Playwright Ayad Akhtar has Disgraced running on Broadway. It’s found its audience, which responds to the play’s sparkling and insightful dialogue dealing with the complicated relationships among a black woman, a Jewish American, a Muslim Pakistani and a white Protestant, sharply spoken during an elegant dinner party on New York’s upper east side. In a remarkable spurt of good luck for theatre goers, he now has delivered a second play of equal impact, this time at the venerable New York Theatre Workshop across the street from LaMama on E. 4th Street in the East Village.
The new play is The Invisible Hand, set “somewhere in Pakistan, in the near future”; it concerns itself with the treatment of a kidnapped victim, one Nick Bright, an American husband and father who is imprisoned and awaiting word from home as to whether or not a $10,000,000 ransom can be arranged to secure his release. Bright is a hedge fund manager with great skills in the management of money, in the intricate world of puts and calls in the market place, someone whose experience and understanding has made it possible to develop a system of timing short selling of stocks and bonds. His captors have given him a time limit to secure the ransom money or to turn their capital at hand into a number of rupees that would be worth as much as the $10 million. Bright forms a bond with Bashir, in whose charge he has been placed. The two work together, under the further supervision of the local Imam Saleem.
Akhtar is writing about a world into which we see only glimpses in the press, and as such is invaluable in showing us aspects of both worlds that will be foreign to us. The play asks to what lengths captives will go to save their lives, how they will react to the “the invisible hand” that guides their every move. Economist Adam Smith actually invented the phrase in The Wealth of Nations. It refers to an unseen mechanism that maintains equal equlibrium between supply and demand of resources. The play argues the relative importance of religion and money in the search for power, and concludes that money is the winner every time. There are surprises in the conclusions its author arrives at , and they leave us equally shocked and informed. The final moments leave Nick Bright with a future that is both hopeful and troubled.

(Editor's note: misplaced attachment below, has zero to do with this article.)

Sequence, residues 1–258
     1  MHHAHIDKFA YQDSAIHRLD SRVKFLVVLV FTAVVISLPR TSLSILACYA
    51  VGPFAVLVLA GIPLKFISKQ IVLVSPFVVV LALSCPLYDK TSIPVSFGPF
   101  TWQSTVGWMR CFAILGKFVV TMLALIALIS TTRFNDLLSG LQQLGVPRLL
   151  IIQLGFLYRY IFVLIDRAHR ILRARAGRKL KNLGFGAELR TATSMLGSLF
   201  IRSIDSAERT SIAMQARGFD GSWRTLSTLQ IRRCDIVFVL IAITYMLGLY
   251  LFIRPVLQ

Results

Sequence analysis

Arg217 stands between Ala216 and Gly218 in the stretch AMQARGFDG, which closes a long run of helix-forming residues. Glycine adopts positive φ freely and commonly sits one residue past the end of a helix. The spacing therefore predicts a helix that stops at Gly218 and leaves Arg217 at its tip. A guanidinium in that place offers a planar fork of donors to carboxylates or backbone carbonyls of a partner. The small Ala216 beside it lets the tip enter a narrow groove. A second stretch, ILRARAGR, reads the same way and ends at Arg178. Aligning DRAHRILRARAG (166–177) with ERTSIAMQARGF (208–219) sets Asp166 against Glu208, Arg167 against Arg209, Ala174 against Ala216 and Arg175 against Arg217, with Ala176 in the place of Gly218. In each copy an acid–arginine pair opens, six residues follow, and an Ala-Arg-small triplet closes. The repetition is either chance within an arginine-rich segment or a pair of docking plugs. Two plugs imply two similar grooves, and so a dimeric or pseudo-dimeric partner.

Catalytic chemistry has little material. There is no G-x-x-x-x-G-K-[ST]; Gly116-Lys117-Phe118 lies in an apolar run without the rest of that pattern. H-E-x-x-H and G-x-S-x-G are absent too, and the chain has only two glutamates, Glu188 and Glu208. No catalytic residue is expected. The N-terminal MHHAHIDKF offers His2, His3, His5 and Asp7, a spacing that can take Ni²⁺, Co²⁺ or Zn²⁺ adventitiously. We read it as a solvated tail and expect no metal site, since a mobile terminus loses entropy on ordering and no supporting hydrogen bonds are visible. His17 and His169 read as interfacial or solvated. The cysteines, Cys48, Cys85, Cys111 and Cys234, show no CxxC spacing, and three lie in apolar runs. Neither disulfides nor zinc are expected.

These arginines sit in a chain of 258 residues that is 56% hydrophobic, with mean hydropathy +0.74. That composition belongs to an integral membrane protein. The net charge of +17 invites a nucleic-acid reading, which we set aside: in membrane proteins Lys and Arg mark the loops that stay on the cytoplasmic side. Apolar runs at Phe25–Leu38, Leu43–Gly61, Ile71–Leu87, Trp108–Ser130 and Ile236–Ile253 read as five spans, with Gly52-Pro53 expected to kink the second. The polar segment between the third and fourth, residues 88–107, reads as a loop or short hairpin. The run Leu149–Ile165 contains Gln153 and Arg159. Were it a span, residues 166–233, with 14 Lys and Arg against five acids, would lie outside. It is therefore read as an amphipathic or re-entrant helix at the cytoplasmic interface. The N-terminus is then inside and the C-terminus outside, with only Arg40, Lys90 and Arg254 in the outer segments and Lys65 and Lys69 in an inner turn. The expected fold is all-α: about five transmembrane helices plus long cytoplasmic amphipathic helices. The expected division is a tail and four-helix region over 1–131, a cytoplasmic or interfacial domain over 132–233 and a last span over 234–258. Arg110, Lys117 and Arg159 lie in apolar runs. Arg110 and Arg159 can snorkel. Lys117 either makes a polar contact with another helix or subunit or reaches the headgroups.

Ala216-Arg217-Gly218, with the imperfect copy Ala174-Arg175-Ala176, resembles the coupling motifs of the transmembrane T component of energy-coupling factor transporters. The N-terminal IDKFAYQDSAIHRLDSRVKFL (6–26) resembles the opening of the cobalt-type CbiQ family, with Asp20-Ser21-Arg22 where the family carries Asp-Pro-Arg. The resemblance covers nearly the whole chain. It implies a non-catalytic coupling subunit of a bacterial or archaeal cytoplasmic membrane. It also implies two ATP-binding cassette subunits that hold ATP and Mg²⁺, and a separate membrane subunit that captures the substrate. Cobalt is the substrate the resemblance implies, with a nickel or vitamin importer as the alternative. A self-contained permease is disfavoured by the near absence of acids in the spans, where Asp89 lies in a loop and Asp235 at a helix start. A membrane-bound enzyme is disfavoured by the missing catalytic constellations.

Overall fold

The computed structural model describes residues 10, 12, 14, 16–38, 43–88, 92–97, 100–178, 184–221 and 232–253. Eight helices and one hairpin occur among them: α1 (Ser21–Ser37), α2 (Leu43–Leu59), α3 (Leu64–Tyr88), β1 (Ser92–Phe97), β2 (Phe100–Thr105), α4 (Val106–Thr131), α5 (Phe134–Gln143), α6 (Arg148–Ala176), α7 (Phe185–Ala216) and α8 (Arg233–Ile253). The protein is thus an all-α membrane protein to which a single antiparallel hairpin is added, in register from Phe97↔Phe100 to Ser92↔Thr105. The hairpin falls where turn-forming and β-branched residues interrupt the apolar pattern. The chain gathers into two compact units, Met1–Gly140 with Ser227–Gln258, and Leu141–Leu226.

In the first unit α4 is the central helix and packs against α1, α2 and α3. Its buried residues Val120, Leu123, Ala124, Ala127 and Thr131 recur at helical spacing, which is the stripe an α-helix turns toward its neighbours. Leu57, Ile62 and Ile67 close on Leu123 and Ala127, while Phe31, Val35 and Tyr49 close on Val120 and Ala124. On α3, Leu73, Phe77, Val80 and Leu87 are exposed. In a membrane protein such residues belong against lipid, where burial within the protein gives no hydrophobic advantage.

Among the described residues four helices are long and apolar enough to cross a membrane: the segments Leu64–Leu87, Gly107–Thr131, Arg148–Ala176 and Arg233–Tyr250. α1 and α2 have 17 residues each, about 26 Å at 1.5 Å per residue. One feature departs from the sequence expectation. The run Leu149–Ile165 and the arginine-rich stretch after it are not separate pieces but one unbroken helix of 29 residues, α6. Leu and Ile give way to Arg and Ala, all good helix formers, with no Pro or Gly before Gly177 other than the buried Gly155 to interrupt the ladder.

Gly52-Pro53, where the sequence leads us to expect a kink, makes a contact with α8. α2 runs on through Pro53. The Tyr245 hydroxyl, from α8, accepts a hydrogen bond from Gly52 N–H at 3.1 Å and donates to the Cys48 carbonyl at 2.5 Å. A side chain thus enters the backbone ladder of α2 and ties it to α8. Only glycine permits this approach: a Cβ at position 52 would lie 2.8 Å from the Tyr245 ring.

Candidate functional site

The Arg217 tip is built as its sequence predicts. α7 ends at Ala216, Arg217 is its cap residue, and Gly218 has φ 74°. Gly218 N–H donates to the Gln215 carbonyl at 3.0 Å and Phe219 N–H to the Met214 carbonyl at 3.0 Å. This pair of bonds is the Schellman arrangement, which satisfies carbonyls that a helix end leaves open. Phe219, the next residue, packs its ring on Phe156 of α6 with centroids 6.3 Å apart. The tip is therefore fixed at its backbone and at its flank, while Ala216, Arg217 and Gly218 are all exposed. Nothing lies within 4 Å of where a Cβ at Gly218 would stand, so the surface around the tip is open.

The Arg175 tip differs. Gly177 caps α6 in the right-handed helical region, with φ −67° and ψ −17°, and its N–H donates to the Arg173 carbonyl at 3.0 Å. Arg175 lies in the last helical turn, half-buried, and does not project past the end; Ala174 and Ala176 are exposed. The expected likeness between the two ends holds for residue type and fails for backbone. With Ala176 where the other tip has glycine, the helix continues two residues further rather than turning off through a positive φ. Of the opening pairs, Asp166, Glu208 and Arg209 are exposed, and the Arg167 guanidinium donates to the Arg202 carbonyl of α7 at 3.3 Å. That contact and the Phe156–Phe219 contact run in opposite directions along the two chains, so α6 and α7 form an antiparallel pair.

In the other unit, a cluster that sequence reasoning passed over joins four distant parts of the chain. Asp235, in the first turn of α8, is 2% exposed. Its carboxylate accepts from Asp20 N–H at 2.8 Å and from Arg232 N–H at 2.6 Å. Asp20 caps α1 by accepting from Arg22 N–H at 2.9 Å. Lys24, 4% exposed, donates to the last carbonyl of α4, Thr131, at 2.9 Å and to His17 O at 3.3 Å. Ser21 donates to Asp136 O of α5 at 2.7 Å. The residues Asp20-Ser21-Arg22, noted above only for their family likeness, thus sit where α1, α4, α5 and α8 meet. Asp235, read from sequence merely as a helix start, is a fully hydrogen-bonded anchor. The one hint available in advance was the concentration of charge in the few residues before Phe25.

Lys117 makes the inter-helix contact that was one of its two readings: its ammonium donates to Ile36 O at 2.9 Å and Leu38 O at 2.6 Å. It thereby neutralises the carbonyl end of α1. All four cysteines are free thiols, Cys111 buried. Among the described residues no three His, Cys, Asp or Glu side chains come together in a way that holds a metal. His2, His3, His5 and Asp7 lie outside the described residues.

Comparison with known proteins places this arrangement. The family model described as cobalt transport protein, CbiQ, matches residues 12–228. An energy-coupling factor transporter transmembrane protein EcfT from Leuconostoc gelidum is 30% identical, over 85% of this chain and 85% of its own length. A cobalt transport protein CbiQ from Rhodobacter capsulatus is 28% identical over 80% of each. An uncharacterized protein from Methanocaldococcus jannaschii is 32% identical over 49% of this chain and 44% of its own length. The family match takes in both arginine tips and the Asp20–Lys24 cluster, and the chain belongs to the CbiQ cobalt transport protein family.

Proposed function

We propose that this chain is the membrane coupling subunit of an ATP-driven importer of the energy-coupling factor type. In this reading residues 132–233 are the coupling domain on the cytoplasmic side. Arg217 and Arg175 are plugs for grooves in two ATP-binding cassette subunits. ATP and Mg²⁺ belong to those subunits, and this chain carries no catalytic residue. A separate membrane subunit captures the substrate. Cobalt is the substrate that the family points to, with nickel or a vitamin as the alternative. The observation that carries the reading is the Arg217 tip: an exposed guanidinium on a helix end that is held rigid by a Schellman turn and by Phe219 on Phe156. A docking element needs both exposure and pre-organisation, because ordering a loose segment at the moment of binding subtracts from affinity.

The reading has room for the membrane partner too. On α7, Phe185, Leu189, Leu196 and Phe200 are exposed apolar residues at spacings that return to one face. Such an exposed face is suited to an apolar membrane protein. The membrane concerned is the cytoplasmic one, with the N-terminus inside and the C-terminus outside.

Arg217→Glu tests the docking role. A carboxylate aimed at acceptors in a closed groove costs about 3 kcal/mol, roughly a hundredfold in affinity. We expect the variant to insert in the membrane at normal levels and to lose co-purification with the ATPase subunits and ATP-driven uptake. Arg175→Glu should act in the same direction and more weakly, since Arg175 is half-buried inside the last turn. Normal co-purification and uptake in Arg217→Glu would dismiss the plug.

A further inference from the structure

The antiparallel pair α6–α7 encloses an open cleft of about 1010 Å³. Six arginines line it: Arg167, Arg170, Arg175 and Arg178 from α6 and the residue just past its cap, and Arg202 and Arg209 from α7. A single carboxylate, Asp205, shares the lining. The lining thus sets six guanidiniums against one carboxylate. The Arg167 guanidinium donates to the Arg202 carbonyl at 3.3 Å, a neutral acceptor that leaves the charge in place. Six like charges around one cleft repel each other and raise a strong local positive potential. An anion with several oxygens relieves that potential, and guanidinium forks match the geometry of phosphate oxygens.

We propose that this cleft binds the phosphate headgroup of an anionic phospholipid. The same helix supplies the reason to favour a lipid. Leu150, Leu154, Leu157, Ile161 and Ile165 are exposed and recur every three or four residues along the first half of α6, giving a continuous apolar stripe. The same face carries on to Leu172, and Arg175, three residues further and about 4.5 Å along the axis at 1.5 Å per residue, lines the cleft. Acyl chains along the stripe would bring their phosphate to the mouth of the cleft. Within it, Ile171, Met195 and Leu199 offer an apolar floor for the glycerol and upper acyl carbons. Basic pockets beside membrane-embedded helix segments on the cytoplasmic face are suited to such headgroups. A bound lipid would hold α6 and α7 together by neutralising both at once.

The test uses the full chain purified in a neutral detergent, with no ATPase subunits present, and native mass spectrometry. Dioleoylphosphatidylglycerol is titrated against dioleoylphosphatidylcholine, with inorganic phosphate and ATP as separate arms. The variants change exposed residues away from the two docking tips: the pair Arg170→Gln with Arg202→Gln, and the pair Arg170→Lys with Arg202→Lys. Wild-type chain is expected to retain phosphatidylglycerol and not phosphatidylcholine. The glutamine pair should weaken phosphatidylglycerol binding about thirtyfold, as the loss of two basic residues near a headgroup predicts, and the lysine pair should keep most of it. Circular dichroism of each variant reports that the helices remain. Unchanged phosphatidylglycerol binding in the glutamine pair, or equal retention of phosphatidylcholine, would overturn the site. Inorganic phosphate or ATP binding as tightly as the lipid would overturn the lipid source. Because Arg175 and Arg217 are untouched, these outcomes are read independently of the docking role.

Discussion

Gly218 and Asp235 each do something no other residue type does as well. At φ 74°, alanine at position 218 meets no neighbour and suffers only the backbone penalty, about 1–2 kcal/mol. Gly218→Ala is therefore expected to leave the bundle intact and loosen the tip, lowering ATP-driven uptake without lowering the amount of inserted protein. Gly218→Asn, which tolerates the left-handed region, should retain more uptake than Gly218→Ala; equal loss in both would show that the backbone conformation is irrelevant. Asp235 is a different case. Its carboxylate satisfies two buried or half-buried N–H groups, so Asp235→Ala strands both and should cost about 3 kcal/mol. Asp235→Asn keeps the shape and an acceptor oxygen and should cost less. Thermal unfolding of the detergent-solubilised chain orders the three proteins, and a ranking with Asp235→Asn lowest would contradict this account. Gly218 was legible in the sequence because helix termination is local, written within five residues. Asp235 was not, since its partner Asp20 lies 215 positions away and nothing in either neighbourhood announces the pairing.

As is the case with Disgraced, this production is directed, designed and acted to perfection. Justin Kirk, who played a lightweight goofball for several seasons on the TV Series “Weeds”, is here giving a controlled, confrontational, gigantic performance that reflects this gifted actor’s growth as a man and as an artist.
With a series of clanging chords and the slamming of metal doors to indicate the abrupt endings of scenes, the play is engrossing from the opening moment when the two adversaries face each other and the negotiations for the freedom of one commences. Usman Ally has survived as an actor via the common route of regional and TV appearances, but here he makes his NY Theatre Workshop debut with a stunningly fierce performance as Bashir, the interrogator. Dariush Kashani continues his off/Broadway career with a powerful and regal performance as the Imam, and Jameal Ali plays a roly poly lower rank servant with just enough fear and disgust at some of the degrading things he is forced to do.
The history of the play is interesting in that it has finally emerged as a tight, crafty, visceral work that has clearly benefited from its inaugural flights. Initial work on it was begun in 2010 just after the 2008 financial collapse, and it was staged as a one-act play at the Repertory Theatre of St. Louis in 2012. Four workshops over two seasons followed; it had one other workshop production and one at ACT in Seattle. Throughout the process over twenty actors played the four characters (including at times Akhtar himself) all helping to shape the production on stage today.
Mr. Akhtar’s plays help to shed light on the current religious and philosophical wars that are plaguing us today. I send kudos to Jack Doulin (the casting director) for his skill in assembling a quartet of wonderful actors to fill the demanding roles.
The Invisible Hand is onstage thru January 4, 2015 at New York Theatre Workshop, 79 East 4th Street, New York, NY 10003
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